On Tuesday, Florida’s two Republicans in the U.S. Senate–Marco Rubio and Rick Scott–reacted to a $908 billion stimulus proposal from members of both parties on Capitol Hill.
While U.S. Senate Majority Leader Mitch McConnell, R-Ky., and U.S. House Speaker Nancy Pelosi, D-Calif., have not given their effort the green light, a host of members of both parties unveiled the coronavirus stimulus proposal on Tuesday. Supporters of it include U.S. Sens. Bill Cassidy, R-La., Susan Collins, R-Maine, Maggie Hassan, D-NH, Joe Manchin, D-WV, Lisa Murkowski, R-Alaska, Mitt Romney, R-Utah, and Mark Warner, D-Va., and U.S. Reps. Josh Gottheimer, D-NJ, and Tom Reed, R-NY.
Rubio, who leads the U.S. Senate Small Business and Entrepreneurship Committee, thanked the backers of the proposal but noted that it provides less than $300 billion for small businesses, including another round of the Paycheck Protection Program (PPP) and more funds for Economic Injury Disaster Loans (EIDL).
“I applaud my colleagues for coming together to provide a COVID Relief Framework, including a much-needed second round of Paycheck Protection Program loans for small businesses,” Rubio said. “However, it is important to note that at its current level, the proposal barely provides enough to fund a second round of Paycheck Protection Program loans, and does not provide sufficient funds to help small businesses, restaurants, entertainment venues, and others to help them weather the second wave.
“Democrat congressional leaders held small businesses and their employees hostage for months, so I am encouraged that some of my Democratic colleagues are stepping forward to provide long overdue assistance,” Rubio continued. “I look forward to working with my colleagues to pass additional relief as soon as possible.”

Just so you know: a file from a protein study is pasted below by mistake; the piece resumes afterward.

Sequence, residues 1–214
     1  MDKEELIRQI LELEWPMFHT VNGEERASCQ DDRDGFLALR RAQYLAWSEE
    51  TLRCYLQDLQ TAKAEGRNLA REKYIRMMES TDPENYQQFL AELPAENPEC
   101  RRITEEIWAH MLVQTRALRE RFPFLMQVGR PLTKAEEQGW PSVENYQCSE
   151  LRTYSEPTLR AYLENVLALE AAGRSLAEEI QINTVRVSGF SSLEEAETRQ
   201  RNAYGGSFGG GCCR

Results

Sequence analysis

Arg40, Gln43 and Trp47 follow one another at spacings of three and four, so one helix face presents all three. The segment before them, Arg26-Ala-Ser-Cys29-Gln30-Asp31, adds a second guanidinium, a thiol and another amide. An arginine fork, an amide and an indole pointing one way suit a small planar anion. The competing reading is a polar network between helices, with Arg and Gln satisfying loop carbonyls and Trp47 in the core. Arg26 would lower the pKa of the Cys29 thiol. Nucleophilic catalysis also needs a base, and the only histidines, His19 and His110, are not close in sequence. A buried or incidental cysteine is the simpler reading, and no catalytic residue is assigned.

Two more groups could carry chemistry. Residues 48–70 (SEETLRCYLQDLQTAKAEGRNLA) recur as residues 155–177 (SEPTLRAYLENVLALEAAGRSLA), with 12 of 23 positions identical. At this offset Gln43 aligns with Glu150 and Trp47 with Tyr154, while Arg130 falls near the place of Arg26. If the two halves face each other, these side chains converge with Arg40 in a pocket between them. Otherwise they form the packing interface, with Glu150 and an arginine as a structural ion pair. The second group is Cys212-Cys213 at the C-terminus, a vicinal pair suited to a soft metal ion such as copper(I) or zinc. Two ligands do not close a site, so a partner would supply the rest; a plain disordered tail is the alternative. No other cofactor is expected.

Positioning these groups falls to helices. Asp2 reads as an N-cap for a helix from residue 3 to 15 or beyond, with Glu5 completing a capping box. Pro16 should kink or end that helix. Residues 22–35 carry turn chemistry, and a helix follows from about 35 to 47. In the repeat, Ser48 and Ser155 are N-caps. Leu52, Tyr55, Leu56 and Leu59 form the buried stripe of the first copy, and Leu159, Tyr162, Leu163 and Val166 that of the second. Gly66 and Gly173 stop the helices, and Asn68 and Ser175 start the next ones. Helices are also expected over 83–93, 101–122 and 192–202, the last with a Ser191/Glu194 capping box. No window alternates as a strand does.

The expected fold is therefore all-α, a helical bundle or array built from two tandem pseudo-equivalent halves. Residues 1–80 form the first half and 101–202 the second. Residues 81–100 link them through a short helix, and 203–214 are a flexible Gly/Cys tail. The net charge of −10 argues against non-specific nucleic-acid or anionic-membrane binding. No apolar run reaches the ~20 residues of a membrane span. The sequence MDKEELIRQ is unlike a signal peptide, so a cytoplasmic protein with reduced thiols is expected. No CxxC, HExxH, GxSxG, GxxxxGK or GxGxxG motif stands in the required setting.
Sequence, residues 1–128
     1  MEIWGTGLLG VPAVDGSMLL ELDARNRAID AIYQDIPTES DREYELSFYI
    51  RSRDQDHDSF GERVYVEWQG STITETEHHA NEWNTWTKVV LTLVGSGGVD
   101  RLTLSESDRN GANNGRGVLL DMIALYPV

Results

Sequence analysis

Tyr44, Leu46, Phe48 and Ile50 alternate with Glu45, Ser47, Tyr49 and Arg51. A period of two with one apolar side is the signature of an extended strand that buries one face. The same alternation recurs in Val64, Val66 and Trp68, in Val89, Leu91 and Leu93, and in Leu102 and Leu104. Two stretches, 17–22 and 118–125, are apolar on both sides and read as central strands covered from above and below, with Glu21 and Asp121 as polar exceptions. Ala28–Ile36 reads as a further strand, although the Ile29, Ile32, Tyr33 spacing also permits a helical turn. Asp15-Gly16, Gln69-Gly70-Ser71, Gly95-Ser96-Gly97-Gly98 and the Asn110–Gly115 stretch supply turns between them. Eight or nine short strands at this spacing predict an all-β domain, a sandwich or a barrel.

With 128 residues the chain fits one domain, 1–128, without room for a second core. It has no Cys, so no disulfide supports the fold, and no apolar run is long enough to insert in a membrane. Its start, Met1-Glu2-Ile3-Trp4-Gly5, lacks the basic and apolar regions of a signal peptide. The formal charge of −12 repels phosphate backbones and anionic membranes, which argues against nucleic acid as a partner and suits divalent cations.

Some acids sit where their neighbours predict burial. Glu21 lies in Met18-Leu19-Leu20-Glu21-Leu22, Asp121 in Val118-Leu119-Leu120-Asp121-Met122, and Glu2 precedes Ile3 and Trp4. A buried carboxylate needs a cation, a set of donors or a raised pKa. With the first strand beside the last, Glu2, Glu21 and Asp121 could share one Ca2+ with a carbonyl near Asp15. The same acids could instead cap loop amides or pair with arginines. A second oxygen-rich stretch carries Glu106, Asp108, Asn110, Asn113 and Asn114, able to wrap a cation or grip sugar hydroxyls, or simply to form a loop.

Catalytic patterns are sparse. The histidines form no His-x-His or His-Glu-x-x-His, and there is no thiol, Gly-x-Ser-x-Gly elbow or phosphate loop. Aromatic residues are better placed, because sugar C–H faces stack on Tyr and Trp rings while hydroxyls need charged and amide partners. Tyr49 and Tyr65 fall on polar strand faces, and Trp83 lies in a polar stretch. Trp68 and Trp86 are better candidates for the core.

Scott on the other hand was far blunter in his opposition, saying that the proposal sends too much federal funds to state governments.
“I’m very disappointed that a proposal from some of my colleagues today apparently includes provisions that spends hundreds of billions of dollars in taxpayer money to bail out wasteful states when we don’t even know how much is still unspent from the previous coronavirus response packages that Congress passed earlier this year,” Scott said. “I’ve reached out to every governor to learn exactly how this money has been spent, and most have refused to give us any information. It’s time we get serious about where taxpayer money is going, and reject unnecessary state bailouts.
“The liberal governors who refuse to open their states or spend taxpayer money wisely are seeing high numbers of unemployment. But what they don’t want you to know is that state and local governments’ projected revenue shortfalls due to the coronavirus have not come to fruition – which is a great thing. Revenue collections in many states exceeded their initial projections, and most states will be in a strong position to get through this pandemic without more federal aid. Again, that’s great news for our country,” Scott added.
In the meantime, McConnell said he is open to another stimulus package but is pushing for something around $500 billion while Pelosi is calling for $2.2 trillion.
Congress needs to pass a budget by December 11 to avoid a federal shutdown.
Reach Kevin Derby at firstname.lastname@example.org.